(i) The boon regarding his father's being blessed with peace of mind etc has overtones of what one should be like, if one wants to be an aspirant of final release from cycles of sorrow, and of Beatitude. The boy is here ot merely concerned with his own father's future, but in general about all yearners after that grand goal. Otherwise what is the use of Visvajit sacrifice, or of any other, and of charity, fasting and other vows, which his father has been meticulously observing all these years, adhering to the mere word of Vedic injunctions ? This concerns, hence, the nature of 'Upetr' ; one who makes, (or ought to make), efforts for release from worldly bondage, This can be elaborated, contextually, and also in a larger philosophical perspective, and enjoyed as literary exegesis. Truly a very convincing interpretation.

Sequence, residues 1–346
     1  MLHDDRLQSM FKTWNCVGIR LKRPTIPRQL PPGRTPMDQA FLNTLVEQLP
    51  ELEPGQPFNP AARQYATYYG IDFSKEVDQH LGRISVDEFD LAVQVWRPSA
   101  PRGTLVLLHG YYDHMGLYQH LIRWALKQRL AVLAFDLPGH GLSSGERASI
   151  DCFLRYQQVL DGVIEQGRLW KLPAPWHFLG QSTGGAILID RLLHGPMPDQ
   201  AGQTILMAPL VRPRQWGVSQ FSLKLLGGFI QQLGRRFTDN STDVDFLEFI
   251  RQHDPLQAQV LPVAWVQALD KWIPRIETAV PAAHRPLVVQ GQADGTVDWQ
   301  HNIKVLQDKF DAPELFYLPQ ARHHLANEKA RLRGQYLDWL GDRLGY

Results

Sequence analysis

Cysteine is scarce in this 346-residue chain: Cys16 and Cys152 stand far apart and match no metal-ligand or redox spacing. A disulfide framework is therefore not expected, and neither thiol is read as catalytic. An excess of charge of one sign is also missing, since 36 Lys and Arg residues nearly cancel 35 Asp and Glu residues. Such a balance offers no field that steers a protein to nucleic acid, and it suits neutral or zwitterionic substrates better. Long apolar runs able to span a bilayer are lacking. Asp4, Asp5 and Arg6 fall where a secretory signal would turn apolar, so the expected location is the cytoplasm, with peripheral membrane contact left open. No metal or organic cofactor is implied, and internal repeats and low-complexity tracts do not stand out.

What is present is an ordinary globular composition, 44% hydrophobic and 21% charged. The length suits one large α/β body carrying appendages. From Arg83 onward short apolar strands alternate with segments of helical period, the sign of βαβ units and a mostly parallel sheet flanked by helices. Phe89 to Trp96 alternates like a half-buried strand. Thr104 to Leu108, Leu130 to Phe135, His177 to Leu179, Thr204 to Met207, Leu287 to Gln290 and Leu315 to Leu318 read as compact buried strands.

(ii) The second boon, asking to be taught into an Agnividya the secret of a 'sacrifice' leading to heaven is even more intricate! The 'Heavens' talked of here, cannot be the one of physical pleasures as presided over by Indra, and as full of enjoyable divine damsels like Rambha, Urvasi, etc, as described in the Puranas. The 'Heavenly fire' (svargyam Agnim) cannot be one of sacrifices connected withAsvamedha, or such other mundane ritual, as this interpretation would both negate the context, and nullify the third boon, showing the boy as not trully interested in Salvation. No doubt, the word used is, Heavens, 'Svarga'. But the boy himself specified that it is 'Heavens' "where there is no fear, where there is no jurisdiction of Death, no old age," which one can reach only after crossing mires of hunger and thirst, where one enjoys eternal bliss, beyond all sorrows, where one becomes Immortal. How can all this apply to a transient heaven of extended mundane pleasure, as a temporary paradise? Following Ramanuja's hints, the commentator has done an excellent job, by quoting here numerous other contexts in the Upanisads, and similar usages of the word 'Heavens' (Svarga) to clinch the matter. It is a pity that Acaryas of other persuasions have not cared to examine the issue from this necessary angle, and have brushed it aside as leading to a mere ritualistic question! Ramanuja shows that the boon concerns the nature of means for the object of Attainment' the Upaya. The first and the second, now become, inter related boons unless one develops equanimity of mind (and other traits detailed, later on, in the Upanisad itself), one can never dream of attaining the end of the journey (Adhvanah Paramam Padam) as the text puts it later.